Many Rastas say that it is not a "religion" at all, but a "Way of Life". Rastafari are generally monotheists, worshipping a singular God whom they call Jah. Rastas see Jah as being in the form of the Holy Trinity, that is, Father, Son and the Holy Spirit. Rastas say that Jah, in the form of the Holy Spirit, lives within the human.
Afrocentrism is another central facet of the Rastafari culture. They teach that Africa, in particular Ethiopia, is where Zion, or paradise, shall be created. As such, Rastafari orients itself around African culture. Rastafari holds that evil society, or "Babylon", has always been white-dominated, and has committed such acts of aggression against the African people as the Atlantic slave trade. Despite this Afrocentrism and focus on people of the black race, members of other races, including whites, are found and accepted by Blacks among the movement, for they believe Rasta is for all people.
There are Rasta communities all around the world. In Ghana, particularly in the coast, there are many Rastafari places of worship. The Rasta community around Kokrobite is well known throughout Ghana. Many Rasta music festivals occur and Rasta objects are sold.
Hinduism has been practiced in Ghana since 1970s. It was established by a traditional Priest known as Kwesi Esel who traveled to Asia to seek healing powers. Hinduism is spread in Ghana actively by Ghana's Hindu Monastery headed by Swami Ghananand Saraswati and Hare Krishnas. Sathya Sai Organisation, Ananda Marga and Brahma Kumaris are also active in Ghana. Hindu temples have been constructed in Accra.There are about 25,000 or 0.1% Hindus in the country.
Afrikania Mission is a Neo-Traditional Movement established in Ghana in 1982 by a former Catholic Priest, Kwabena Damuah, who resigned from the church and assumed the traditional priesthood titles, Osofo Okomfo. The Mission aims to reform and update African traditional religion, and to promote nationalism and Pan-Africanism. Rather than being a single new religious movement, Afrikania also organizes various traditional shrines and traditional healers into associations bringing unity to a diffused system and thereby a greater voice in the public arena. Afrikania has instituted an annual convention for the traditional religion.
It has become a mouthpiece of traditional religion in Ghana through its publications, lectures, seminars, press conferences, and radio and television broadcast in which it advocates a return to traditional religion and culture as the spiritual basis for the development of Africa. The Mission is also known by other names such as AMEN RA (derived from Egyptian religion, and interpreted to mean ‘God Centred’), Sankofa faith (implying a return to African roots for spiritual and moral values) and Godian Religion, which it adopted briefly during a period of association with Godianism, a Nigerian-based neo-traditional Movement.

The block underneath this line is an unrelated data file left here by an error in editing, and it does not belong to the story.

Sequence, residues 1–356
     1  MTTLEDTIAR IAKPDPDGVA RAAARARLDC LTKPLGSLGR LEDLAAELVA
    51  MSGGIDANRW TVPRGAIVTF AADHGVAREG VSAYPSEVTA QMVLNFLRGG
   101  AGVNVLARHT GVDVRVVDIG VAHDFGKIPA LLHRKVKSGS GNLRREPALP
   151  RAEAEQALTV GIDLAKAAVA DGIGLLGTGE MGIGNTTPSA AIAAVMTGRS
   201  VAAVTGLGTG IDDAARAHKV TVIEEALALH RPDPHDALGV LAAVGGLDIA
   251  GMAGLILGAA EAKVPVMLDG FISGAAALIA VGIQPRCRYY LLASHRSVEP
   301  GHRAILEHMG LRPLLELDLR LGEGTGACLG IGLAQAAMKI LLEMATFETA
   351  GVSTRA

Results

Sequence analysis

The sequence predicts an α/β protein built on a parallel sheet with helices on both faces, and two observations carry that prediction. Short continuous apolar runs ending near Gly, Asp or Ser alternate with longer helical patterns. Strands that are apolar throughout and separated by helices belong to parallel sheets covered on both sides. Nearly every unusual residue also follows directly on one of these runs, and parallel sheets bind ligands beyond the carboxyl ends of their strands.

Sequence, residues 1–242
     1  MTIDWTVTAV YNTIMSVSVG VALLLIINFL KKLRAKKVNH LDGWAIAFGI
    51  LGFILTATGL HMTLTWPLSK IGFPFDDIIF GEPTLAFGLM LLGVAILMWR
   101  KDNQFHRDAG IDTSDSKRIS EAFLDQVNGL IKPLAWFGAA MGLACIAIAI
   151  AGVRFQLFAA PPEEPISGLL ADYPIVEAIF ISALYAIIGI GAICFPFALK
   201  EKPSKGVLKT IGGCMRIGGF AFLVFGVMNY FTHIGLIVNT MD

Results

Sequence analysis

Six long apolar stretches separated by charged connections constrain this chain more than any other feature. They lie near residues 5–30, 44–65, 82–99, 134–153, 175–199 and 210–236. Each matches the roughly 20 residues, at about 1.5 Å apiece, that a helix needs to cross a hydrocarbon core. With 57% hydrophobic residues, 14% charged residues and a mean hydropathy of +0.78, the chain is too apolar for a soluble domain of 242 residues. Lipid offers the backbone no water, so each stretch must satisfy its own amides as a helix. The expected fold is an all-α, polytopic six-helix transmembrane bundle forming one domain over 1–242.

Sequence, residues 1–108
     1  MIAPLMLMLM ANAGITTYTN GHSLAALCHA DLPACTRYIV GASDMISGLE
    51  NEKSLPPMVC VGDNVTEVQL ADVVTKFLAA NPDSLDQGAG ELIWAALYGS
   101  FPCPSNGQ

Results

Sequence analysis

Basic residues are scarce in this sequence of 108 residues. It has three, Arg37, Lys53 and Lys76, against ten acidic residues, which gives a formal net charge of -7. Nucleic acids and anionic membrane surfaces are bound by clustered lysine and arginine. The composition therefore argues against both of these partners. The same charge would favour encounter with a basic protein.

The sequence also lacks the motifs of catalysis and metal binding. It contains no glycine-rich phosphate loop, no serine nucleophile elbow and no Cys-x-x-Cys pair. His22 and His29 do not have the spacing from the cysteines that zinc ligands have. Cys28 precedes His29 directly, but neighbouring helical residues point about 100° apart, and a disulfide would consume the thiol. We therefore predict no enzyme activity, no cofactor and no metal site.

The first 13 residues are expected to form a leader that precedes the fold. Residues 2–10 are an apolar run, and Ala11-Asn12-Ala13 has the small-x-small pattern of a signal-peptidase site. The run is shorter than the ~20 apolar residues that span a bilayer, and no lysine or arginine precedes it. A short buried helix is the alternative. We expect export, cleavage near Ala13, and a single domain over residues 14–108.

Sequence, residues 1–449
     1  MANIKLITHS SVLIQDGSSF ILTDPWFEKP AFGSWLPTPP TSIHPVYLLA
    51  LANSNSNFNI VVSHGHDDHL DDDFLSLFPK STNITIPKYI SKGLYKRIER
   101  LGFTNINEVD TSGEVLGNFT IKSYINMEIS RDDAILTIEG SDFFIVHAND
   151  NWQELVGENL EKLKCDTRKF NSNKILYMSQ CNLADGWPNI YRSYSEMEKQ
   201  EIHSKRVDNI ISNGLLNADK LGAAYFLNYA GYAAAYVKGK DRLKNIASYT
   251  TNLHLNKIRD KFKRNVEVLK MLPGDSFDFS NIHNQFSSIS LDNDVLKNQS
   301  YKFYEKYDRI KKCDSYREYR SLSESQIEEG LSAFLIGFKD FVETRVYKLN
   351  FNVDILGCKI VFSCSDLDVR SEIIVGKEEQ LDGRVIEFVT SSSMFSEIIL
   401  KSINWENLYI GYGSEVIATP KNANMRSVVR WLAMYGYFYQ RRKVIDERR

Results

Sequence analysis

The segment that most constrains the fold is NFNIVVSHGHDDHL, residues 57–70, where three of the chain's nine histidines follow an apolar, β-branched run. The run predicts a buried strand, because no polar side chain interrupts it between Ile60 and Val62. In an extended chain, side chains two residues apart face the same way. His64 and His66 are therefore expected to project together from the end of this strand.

In 1998 the first Nichiren Shoshu Temple in Africa was opened in Accra. Ghana has the largest Nichiren Shoshu Temple outside of Japan. The temple is located at Anyaa-Ablekuma Road at the Fan Milk Junction in Accra. There are other small Buddhist prayer spaces in larger cities, and with a proper request and a small donation, you would be welcome for meditation and chanting.
Freedom of religion
Freedom of religion exists in Ghana. A Religious Bodies (Registration) Law 1989 was passed in June 1989 to regulate churches. By requiring certification of all Christian religious organizations operating in Ghana, the government reserved the right to inspect the functioning of these bodies and to order the auditing of their financial statements. The Ghana Council of Churches interpreted the Religious Bodies Law as contradicting the concept of religious freedom in the country. According to a government statement, however, the law was designed to protect the freedom and integrity of genuine religious organizations by exposing and eliminating groups established to take advantage of believers. The PNDC. repealed the law in late 1992. Despite its provisions, all orthodox Christian denominations and many spiritual churches continued to operate in the country.